Tuesday, November 17, 2009


Americans, who lack general experience in bowing and curtsying, unlike folks who are subject to kings, emperors and whatnot, have a sort of ingrained antipathy toward self-humbling actions. Americans traditionally prefer the straightforward manly handshake, the ancient way of showing that one held no weapons, basically an expression of mutual distrust.

Thus the conservative outrage that Obama is bowing to the Japanese Emperor, on the imperial turf, no less, as though submitting to imperial authority. But it's clear that the outragers don't understand the true dimensions of bowing. Surprisingly, neither did Obama (who grew up in Hawaii where there is much Japanese tradition, or at least exposure to it), because in terms of bow language, the Obama effort - not being even in the bowing ballpark, so to speak - is essentially meaningless: a gibberbow.

Obama awkwardly bowing semi-deeply before the only slightly bowing emperor, while shaking the imperial hand in almost an upward direction, was seen on the news here but not too much; politely, it was not emphasized or dwelt upon. In other words, it was weird, but not offensive, as it might be if it were done by another Japanese or an Asian dignitary from a nation with a history of nobility. The Japanese, being such an intensely polite society, are old hands at forgiving the etiquette faults of foreigners (among the many cliches: soap in the bathwater, shoes in the house, chopsticks stuck in the rice, and on up the ladder of severity). Another mitigating factor is that the Japanese greatly admire Obama.

The unspoken puzzle that I'm sure is being privately pondered here, however, is why in the world Obama, a head of state who appears to be seriously fussy about the social niceties, didn't ask about and wasn't coached to the slightest extent on how to meet the Emperor: THAT is the big mystery. But from the Japanese perspective, it's part of the same big old mystery that the West has always been. Not to mention the vice-versaness of the situation.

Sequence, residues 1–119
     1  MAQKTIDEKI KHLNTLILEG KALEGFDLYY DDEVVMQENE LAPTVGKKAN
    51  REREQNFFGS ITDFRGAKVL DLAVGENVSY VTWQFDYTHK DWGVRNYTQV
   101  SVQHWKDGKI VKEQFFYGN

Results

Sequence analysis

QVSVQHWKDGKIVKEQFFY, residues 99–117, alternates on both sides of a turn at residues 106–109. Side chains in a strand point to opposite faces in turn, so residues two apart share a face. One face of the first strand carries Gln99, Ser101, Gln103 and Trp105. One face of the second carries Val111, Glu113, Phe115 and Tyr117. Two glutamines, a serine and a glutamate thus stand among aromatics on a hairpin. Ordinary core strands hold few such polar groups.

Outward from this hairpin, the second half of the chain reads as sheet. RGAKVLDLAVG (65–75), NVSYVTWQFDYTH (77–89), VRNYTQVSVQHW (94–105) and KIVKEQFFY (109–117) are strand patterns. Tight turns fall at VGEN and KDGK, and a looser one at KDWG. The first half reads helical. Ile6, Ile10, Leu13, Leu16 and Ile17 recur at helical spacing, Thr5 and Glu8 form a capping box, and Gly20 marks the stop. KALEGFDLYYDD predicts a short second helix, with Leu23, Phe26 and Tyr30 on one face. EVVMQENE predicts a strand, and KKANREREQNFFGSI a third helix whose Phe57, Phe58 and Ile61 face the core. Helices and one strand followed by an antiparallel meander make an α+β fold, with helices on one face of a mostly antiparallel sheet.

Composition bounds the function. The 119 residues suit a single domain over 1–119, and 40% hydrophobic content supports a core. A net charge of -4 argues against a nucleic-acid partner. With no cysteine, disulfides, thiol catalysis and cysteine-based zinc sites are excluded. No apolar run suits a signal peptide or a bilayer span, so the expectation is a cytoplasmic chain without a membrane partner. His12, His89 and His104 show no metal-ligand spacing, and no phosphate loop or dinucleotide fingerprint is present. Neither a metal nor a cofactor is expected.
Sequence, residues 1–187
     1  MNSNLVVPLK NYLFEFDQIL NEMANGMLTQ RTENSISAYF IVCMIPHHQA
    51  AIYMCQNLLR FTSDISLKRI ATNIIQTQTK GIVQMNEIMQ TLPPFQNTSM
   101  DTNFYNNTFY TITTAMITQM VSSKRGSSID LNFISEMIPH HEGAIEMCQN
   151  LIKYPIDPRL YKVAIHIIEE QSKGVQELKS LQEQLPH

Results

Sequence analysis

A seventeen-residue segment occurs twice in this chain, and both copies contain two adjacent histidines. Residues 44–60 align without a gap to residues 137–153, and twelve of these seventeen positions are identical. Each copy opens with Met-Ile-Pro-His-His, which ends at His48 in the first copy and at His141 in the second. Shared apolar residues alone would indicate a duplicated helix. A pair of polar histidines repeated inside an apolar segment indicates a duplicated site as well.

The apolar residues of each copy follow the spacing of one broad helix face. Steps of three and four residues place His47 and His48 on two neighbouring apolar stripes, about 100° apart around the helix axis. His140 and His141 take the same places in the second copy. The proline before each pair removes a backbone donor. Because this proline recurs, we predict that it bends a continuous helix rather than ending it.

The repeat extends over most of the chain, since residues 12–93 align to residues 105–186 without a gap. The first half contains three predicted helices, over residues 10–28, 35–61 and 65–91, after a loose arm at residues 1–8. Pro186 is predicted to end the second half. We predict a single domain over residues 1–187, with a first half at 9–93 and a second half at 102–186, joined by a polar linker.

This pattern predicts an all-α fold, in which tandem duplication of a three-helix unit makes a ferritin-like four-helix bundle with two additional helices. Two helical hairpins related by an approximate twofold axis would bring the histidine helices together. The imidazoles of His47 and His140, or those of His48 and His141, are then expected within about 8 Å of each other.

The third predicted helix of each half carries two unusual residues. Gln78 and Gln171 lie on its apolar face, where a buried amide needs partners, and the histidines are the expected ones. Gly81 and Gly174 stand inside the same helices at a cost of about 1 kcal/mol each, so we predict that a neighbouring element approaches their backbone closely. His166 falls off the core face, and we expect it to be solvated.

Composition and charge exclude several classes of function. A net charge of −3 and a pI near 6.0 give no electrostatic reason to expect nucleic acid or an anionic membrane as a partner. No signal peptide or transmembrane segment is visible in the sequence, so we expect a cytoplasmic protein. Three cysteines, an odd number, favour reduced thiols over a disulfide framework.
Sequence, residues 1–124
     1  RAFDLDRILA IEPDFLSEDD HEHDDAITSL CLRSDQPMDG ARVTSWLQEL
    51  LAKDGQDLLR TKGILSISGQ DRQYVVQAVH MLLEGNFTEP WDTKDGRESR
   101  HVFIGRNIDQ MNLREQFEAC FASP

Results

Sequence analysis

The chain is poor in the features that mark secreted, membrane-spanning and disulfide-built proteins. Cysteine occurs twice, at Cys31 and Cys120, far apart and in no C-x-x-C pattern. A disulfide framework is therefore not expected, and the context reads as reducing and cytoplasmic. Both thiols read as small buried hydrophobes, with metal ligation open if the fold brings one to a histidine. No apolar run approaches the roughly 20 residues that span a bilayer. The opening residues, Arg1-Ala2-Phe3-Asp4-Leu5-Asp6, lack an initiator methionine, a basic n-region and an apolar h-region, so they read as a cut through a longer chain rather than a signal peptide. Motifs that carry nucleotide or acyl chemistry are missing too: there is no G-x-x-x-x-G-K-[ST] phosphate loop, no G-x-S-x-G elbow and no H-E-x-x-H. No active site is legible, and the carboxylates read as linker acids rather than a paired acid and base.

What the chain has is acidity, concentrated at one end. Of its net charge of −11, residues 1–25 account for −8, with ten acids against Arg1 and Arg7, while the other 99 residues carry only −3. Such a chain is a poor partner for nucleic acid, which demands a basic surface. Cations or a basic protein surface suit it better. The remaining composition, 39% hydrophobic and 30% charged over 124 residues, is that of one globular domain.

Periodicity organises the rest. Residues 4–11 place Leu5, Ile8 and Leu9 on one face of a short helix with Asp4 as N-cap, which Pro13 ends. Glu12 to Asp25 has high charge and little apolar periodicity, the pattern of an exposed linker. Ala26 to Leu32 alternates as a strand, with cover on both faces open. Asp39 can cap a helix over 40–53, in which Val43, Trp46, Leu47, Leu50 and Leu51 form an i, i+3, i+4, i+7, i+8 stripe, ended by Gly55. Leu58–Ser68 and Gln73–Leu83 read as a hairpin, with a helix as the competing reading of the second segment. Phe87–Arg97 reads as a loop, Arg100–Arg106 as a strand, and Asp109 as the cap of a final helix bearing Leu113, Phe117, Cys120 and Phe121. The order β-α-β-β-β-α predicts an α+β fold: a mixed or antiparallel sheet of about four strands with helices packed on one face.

What Obama should have done, if he wanted to bow, was to bow from the shoulders with hands held formally beside the thighs, as the Emperor is doing. Nixon, a practicing autoimperialist, got it right with Hirohito.

You have to admire Akihito though, who had clearly been expecting just a good old American handshake. He took the bizarre bowshake right in stride-- a real pro. When you’ve been bowed at as much as he has, you've seen it all.

w/thanks to Karen S. for the nudge...


Karen Sella said...

Thanks so much for sharing your perspective, Bob, and educating me about bowing etiquette. Much obliged, as always, for the opportunity to learn here :)

R. Brady said...

My pleasure, Karen-- and again, thanks to you.

Tabor said...

I think I bow too deeply when meeting folks from your neck of the woods...but I do it quickly, so maybe I am forgiven.

Anonymous said...

Given the difference in height, maybe Obama was trying to get low enough for the handshake. Video would be nice - was each offering the other culture's accustomed greeting, or did Obama initiate both bow and handshake?

R. Brady said...

I finally saw a video of the bow event, and wrote an addendum in my next post.